Asmaa Fahmi (1906-1956): Leader in the Egyptian Suffragette Movement and an Educator

Born to an aristocratic family, her father was Hassan Bey Fahmy, a brigadier in the army of Egypt and Sudan. She spent her childhood in Sudan where her father served. She was the wife of Mohamed Refaat Pasha, former minister of Ma’aref (Education) before the 1952 Revolution.

Asmaa Fahmy joined the Egyptian University in 1925 under the tutelage of Taha Hussien. Zaki Mubarak was among her distinguished colleagues. She received a scholarship to study in England where she received her BA in history and her MA in educational psychology from the University of London in 1937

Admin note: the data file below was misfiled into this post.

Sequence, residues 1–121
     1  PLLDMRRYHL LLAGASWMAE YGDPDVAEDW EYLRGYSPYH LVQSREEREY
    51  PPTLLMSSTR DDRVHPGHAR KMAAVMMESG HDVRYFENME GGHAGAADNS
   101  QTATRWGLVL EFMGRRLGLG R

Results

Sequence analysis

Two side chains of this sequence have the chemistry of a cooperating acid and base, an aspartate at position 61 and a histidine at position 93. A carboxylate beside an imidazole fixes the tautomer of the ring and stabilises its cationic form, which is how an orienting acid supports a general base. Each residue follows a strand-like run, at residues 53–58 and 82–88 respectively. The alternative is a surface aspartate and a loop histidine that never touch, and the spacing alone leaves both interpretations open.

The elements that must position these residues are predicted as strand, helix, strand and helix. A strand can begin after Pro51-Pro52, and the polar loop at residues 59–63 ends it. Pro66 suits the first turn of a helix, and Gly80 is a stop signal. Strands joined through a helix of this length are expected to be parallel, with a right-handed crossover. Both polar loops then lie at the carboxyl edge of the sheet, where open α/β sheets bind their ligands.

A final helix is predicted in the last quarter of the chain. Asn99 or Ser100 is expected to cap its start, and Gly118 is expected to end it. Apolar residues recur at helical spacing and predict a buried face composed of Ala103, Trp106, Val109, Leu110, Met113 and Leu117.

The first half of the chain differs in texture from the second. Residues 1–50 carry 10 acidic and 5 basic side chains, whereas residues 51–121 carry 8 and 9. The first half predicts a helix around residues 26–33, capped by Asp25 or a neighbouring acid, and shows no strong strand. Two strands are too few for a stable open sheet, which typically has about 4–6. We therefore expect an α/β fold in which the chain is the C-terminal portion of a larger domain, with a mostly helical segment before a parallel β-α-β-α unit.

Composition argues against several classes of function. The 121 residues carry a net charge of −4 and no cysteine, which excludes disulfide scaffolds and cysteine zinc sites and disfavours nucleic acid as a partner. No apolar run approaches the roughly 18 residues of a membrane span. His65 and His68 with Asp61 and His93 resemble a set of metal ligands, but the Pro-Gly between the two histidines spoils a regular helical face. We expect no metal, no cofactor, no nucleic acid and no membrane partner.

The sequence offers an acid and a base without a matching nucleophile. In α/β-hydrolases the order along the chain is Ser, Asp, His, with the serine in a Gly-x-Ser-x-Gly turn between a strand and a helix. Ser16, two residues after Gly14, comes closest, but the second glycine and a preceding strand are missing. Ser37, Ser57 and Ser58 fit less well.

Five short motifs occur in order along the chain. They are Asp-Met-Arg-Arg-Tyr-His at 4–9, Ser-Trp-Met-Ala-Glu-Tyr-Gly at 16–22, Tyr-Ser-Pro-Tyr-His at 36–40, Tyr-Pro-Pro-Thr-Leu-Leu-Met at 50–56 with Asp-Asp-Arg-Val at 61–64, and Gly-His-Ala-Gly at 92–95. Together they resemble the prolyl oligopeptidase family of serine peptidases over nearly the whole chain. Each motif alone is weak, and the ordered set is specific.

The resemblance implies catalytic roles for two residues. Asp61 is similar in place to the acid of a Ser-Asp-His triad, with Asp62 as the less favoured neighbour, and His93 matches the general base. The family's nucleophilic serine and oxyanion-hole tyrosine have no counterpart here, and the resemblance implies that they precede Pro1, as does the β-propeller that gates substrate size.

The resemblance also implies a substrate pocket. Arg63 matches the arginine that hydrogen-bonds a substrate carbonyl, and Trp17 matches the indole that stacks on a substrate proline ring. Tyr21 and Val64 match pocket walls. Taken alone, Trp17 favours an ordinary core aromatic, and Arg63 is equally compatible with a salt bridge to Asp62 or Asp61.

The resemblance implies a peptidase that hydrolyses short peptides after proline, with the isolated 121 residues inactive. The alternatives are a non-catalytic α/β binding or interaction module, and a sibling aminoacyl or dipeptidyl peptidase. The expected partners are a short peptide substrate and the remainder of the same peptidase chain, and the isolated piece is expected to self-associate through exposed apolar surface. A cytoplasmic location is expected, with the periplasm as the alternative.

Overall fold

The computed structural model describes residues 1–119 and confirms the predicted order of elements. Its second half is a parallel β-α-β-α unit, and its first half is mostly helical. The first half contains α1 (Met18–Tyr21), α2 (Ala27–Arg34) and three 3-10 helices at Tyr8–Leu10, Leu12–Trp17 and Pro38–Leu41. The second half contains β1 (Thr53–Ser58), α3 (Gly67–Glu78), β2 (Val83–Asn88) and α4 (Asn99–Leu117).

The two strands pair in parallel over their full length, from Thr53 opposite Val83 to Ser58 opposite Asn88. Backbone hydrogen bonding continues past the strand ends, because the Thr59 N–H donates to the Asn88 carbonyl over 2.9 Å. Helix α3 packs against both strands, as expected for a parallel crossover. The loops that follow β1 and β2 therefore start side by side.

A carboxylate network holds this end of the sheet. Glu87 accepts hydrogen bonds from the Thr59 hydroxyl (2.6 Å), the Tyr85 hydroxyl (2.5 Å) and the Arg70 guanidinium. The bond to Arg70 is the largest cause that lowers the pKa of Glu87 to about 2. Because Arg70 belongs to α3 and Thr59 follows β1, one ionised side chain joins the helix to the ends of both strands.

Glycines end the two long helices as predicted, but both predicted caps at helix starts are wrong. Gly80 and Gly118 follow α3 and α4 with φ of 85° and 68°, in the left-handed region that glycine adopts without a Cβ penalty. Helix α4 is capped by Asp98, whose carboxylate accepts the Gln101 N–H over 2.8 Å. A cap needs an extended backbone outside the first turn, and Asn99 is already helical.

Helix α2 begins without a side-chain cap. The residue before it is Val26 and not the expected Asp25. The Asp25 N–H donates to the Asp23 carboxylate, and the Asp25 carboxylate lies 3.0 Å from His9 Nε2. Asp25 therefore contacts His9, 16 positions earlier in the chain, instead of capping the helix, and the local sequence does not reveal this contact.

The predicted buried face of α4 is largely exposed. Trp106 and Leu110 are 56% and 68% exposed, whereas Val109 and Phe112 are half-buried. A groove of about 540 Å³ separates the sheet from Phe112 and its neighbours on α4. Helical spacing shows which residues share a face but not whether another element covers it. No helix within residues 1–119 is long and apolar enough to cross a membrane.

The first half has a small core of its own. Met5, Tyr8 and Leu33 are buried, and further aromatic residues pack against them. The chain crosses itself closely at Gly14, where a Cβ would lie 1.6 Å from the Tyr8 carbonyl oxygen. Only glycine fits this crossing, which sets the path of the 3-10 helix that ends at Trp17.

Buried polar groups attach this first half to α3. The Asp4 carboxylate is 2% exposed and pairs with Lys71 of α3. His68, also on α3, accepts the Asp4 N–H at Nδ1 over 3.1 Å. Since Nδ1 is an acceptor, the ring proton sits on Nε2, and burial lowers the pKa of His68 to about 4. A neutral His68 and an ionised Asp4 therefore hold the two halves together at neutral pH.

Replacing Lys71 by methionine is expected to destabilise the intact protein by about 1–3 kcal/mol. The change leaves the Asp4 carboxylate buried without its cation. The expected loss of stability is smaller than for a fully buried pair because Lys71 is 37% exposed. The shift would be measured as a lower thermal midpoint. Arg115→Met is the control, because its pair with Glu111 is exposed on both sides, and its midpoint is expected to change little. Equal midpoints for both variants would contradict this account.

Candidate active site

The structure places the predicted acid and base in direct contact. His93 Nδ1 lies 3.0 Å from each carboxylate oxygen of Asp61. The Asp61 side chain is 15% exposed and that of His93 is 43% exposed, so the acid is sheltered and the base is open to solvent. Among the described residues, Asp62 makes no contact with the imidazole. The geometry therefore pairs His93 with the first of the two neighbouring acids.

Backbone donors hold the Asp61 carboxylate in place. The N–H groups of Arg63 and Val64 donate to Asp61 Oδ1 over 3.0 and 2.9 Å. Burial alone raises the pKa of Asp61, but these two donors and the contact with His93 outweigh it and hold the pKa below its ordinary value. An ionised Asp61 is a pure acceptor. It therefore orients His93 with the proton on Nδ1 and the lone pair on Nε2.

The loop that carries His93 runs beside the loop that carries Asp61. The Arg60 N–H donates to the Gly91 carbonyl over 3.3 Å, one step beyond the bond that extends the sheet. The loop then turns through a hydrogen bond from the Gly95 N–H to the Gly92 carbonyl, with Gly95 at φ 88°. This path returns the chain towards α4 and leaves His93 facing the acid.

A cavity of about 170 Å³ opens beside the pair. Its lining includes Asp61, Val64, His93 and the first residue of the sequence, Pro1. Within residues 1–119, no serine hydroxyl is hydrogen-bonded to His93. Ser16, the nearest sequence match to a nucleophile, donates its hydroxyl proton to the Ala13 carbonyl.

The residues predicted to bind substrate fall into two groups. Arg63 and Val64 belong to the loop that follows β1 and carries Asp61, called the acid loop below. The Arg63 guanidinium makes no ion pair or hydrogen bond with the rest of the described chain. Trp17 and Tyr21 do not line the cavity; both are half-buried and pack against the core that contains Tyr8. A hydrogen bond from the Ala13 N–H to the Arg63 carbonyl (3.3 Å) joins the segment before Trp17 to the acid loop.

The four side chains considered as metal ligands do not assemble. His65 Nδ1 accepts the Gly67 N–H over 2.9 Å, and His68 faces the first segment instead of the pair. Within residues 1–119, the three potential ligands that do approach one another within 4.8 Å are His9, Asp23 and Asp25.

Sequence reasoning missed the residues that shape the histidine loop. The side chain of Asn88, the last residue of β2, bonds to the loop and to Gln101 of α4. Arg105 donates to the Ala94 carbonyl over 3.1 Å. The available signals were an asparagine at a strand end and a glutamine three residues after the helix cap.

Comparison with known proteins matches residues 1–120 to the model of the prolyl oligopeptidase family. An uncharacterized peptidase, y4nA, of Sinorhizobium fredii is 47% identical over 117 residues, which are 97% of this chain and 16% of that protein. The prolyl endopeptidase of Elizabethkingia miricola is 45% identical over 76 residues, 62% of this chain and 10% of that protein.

A pioneer and leader of women’s education, she donated the land where the first girls’ collage was built, to encourage conservative families to send their daughters to college. The street where the college is located is named after her.

She was politically active too, and was VP of Bent El Nil (Daughter of the Nile) Party, founded and headed by Doreya Shafik, and was among the women who fought for women’s rights to vote.

In the field of education, she was the first female member of the board of Ain Shams University and the first Egyptian director of the high institute for female teachers’ education. Hekmat Abu Zeid, the first female minister in Egypt, was among her students

She authored several books, among which are, Principles of Islamic Education and Women and Education in Islam.

Asmaa Fahmy died in a tragic accident when the car she was driving crashed into Lake Zomor, at the outskirts of Giza in 1956.

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